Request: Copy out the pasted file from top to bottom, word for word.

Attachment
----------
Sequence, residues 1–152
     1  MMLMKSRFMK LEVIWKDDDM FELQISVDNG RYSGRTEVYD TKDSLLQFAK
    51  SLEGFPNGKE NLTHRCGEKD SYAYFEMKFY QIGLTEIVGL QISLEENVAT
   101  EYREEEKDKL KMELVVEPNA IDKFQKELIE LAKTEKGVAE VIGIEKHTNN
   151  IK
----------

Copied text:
Sequence, residues 1–152
     1  MMLMKSRFMK LEVIWKDDDM FELQISVDNG RYSGRTEVYD TKDSLLQFAK
    51  SLEGFPNGKE NLTHRCGEKD SYAYFEMKFY QIGLTEIVGL QISLEENVAT
   101  EYREEEKDKL KMELVVEPNA IDKFQKELIE LAKTEKGVAE VIGIEKHTNN
   151  IK